June 29, 2011
THE GIZMO: The consumer electronics industry turned New York City into a tech wonderland of product showcases and seminars recently. And they called it CE Week. SPECTRUM GRAB: In his keynote speech, Consumer Electronics Association president/CEO Gary Shapiro called for Americans to sign a "Declaration of Innovation," supporting policies that promote creative and economic growth for U.S. tech concerns. Tops on the agenda - Senate passage of the Spectrum Act (S-911)
June 9, 2011
An app war is brewing. Pressure to break the grip of app stores and the need for multiple versions of applications to run on the slew of devices out there are driving some companies, notably media outlets, to test tablet apps that essentially are websites. These apps include new ones for NPR , Huffington Post , and, this week, the Financial Times and could help these companies avoid paying the likes of Apple Inc. and Google Inc. an outsize cut of tablet-derived revenue.
May 29, 2011 |
The Trenton Line into Center City: A couple of guys tap at their iPads, cruising e-mail, scores, stocks, games. A few women are immersed in their Nooks or Kindles. If you've ever seen this picture, you've seen support for studies of how we use new media such as tablet computers (iPad, HP Slate, Motorola Xoom) and e-readers (Nook, Kindle, Sony Reader). In a study released in August, Forrester Research found that 56 percent of computer tablet owners are male, while 55 percent of e-reader owners are female.
May 18, 2011
THE GIZMO: While a certain Mr. Jobs opines that tablet computers work right in only one size, other makers see a competitive market developing in small, medium and larger (i.e., Apple iPad) sizes. We certainly see the logic in a trio of new models we've been testing from BlackBerry, T-Mobile/LG and Acer. SCREEN GEMS: While clearly a work in progress (with software upgrades appearing every few days), the 7-inch-screen BlackBerry PlayBook from Research In Motion already has a whole lot going for it. It's proven to be my favorite among the three new tablet computers I've been testing.
May 13, 2011 |
LOS ANGELES - There was a time when Steve Mehta was on his laptop nonstop. Nowadays, he hardly touches it. The 43-year-old attorney uses his tablet computer to highlight legal briefs, take notes for court cases or flip though a digital version of the California probate code. "The laptop is so limited," Mehta he said as he stood against the wall of a crammed Los Angeles subway car, watching an episode of Modern Family on his tablet. "But everything you want to do, this thing does.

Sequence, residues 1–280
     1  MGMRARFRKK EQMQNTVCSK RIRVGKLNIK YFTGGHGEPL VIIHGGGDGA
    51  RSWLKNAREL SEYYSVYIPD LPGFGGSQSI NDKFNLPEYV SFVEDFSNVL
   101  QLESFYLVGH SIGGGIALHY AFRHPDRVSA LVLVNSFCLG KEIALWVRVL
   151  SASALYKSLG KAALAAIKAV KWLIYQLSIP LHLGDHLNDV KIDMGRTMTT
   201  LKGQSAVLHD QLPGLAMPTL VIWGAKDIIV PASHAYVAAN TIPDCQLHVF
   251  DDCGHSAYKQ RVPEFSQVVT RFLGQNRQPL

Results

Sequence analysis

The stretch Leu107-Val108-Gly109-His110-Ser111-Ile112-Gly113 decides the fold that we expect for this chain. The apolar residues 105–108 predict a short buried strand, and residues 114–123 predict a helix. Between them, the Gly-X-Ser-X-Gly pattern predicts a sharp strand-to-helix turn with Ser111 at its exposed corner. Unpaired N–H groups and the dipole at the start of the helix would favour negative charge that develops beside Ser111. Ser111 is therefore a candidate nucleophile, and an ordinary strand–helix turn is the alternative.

January 10, 2011
Prostate-cancer patients fare better with exercise While there is no one-size-fits-all treatment for prostate cancer, new research suggests there may be a universal supplement to treatment: exercise. The authors of the report, published online last week in the Journal of Clinical Oncology, used a research database of 51,529 men whose health and habits had been tracked for 18 years; 2,705 were diagnosed with prostate cancer during that time and deemed appropriate for analysis.
September 22, 2010
Endo Pharmaceuticals Holdings Inc., of Chadds Ford, said today that the Food and Drug Administration had granted priority review status for a new formulation of Oxymorphone, a pain medication. The new formulation is for a long-acting tablet that is crush-resistant, to thwart non-medical abuse and accidental overdoses. It is designed for "the treatment of moderate to severe chronic pain in patients requiring continuous, around-the-clock opioid treatment for an extended period of time," the company said.
May 19, 2010 |
Philadelphia doctor Ronald S. Brown was sentenced Wednesday to 10 years in prison for giving thousands of people illegal prescriptions for painkillers and tranquilizers in 2008 and 2009. At times, the supposed patients were lined up on the sidewalk outside his Germantown home, from which he illegally prescribed nearly 50,000 doses of OxyContin, Percocet and Xanax, according to Assistant U.S. Attorney Pamela Foa. It was the second time Brown, 60, was sentenced for illegally distributing medical drugs.
January 10, 2010 |
It's the most eagerly awaited tablet since Moses. As with the tablets handed down from on high, no one knows what's on it. Or even what it is. They know only that it's coming. Loud is the hype surrounding what's popularly called the "Apple tablet. " Many observers, including Ken Doctor, news-industry analyst for Outsell Inc., expects it to be "a 10-inch tablet with features like an iPhone, big enough so I can actually read easily. " Bloggers and media snoops claim it will, in unprecedented, cosmos-rocking ways, combine popular applications (Web?
August 19, 2004 |
Susan Perloff lives and writes in Philadelphia At the time of her suicide five years ago, my mother had taken her seventh Paxil tablet. Until that moment, no one knew she was suicidal. Even the doctor who wrote the prescription was surprised she took her life. She died on a Friday in August, at home, alone, with every detail perfectly planned. She arranged for her husband to eat lunch with a colleague, strongly suggesting a particular restaurant some distance from home. So she had plenty of time.